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Partial To Eau De B.O? New Research Claims It Says A Lot About Your Sex Drive

It seems there's a connection between sexual desire and smelling people.

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Rachael Funnell

Social Editor and Staff Writer

clockAug 26 2022, 16:33 UTC
smell sexual desire
Olfaction may play an important role in sexual desire, but that doesn't mean you can go around sniffing whoever you like. Image credit: Pressmaster / Shutterstock.com

Being human gets dirty and body odor is a natural part of the beautiful mess that is Homo sapiens, but new research has found that a person’s affinity for getting a whiff of their fellow human may say a lot about their sexual desire. Looking at participants across different cultures, the research found that body odor sniffing was consistently associated with stronger sexual desire.

Olfaction, as our sniffing sense is known, contributes to our enjoyment of life, from the smell of a delicious dinner to the aroma of our favorite people (interestingly, you're actually more likely to be friends with people who smell like you). It figures, then, that olfactory sensations would contribute to sexual desire and behavior, but the exact extent to which these factors interlink hadn’t yet been studied.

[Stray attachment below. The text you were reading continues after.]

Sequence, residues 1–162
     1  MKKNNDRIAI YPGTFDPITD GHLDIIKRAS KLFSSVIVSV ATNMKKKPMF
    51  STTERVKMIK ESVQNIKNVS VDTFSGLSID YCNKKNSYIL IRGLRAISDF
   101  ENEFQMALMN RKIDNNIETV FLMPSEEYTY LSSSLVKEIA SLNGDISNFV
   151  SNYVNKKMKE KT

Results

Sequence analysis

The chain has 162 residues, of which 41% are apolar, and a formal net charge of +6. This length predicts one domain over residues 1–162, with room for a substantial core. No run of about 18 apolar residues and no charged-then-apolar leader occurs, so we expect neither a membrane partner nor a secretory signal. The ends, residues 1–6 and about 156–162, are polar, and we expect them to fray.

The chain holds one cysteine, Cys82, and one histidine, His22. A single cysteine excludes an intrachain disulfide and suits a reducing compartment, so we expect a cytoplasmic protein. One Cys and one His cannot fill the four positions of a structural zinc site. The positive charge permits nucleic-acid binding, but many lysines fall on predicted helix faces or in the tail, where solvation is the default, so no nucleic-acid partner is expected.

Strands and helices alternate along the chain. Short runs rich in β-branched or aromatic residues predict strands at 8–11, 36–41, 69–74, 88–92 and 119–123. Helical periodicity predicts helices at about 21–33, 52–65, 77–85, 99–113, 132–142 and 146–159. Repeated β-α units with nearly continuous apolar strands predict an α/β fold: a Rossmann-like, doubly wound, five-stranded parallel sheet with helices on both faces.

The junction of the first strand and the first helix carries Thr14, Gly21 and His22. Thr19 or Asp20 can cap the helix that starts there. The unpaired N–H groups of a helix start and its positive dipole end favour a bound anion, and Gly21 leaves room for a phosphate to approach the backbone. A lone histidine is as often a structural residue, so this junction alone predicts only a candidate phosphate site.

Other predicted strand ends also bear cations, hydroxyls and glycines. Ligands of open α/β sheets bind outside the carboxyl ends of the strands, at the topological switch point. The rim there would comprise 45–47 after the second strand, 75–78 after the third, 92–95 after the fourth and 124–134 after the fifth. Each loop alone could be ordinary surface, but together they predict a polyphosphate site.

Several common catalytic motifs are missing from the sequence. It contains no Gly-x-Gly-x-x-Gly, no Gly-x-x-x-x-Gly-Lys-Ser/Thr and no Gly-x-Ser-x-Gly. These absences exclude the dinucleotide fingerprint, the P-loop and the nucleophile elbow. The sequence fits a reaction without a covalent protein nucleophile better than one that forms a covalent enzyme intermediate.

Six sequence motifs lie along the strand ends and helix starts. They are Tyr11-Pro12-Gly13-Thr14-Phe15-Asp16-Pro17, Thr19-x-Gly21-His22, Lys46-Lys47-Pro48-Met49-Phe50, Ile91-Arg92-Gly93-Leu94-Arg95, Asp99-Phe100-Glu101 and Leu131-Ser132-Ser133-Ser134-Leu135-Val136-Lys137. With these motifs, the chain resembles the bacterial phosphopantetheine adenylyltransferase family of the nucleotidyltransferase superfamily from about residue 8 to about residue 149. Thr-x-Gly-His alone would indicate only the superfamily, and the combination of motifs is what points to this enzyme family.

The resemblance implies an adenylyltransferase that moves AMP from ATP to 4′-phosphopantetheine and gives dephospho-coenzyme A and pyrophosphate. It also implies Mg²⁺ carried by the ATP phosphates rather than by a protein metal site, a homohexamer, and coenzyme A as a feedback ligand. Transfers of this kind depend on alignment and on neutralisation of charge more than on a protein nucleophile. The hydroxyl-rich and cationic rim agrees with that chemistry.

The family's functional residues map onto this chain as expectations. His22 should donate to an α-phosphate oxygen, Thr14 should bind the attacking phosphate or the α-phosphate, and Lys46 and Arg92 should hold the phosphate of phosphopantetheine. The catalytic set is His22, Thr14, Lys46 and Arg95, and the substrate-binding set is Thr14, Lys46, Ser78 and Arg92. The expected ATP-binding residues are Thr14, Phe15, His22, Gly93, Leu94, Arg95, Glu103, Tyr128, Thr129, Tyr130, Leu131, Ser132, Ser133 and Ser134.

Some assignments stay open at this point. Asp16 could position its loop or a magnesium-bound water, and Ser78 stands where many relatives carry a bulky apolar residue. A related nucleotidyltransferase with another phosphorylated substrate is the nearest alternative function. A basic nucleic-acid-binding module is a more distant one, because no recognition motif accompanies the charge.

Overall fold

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The Body Odor Sniffing Questionnaire, Importance Of Olfaction Questionnaire, and Sexual Desire Inventory aimed to tackle this, surveying people in a cross-cultural study that has been published in the Archives Of Sexual Behavior. It recruited participants from across the globe including China, India and the USA to get an idea of the significance of olfaction to a person, how often they sniffed themselves or others, and their level of sexual desire.

The results showed that people who were led by their nose were also more likely to sniff body odors and showed stronger sexual desire compared to people who weren’t partial to smelling their peers or pits.

Some intriguing insights into the role of olfaction in sexuality, then, but was it consistent across cultures? According to the researchers, yes.

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“We further explored these associations in different cultures to determine whether cultural consistency existed,” they wrote. “We conducted a second study to make cross-cultural comparisons between Indian (N = 313) and US (N = 249) populations. For both countries, a higher importance placed on olfaction and a higher prevalence of body odor sniffing were consistently associated with stronger sexual desire.”

While the findings rely on self-reporting, they raise interesting questions about the role of our sense of smell in sexual function. In a world still reeling from a disease that wiped out the olfactory sense of many people it infected, it seems looking after our noses could be important for all of us, not just sommeliers.

“In conclusion, our study confirmed that people who placed more value on olfactory function or engaged more in body odor sniffing showed stronger sexual desire,” said the authors. “These correlations were consistent for both sexes and across different cultures, further indicating the importance of olfaction in sexuality.”

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[H/T: Science Alert]


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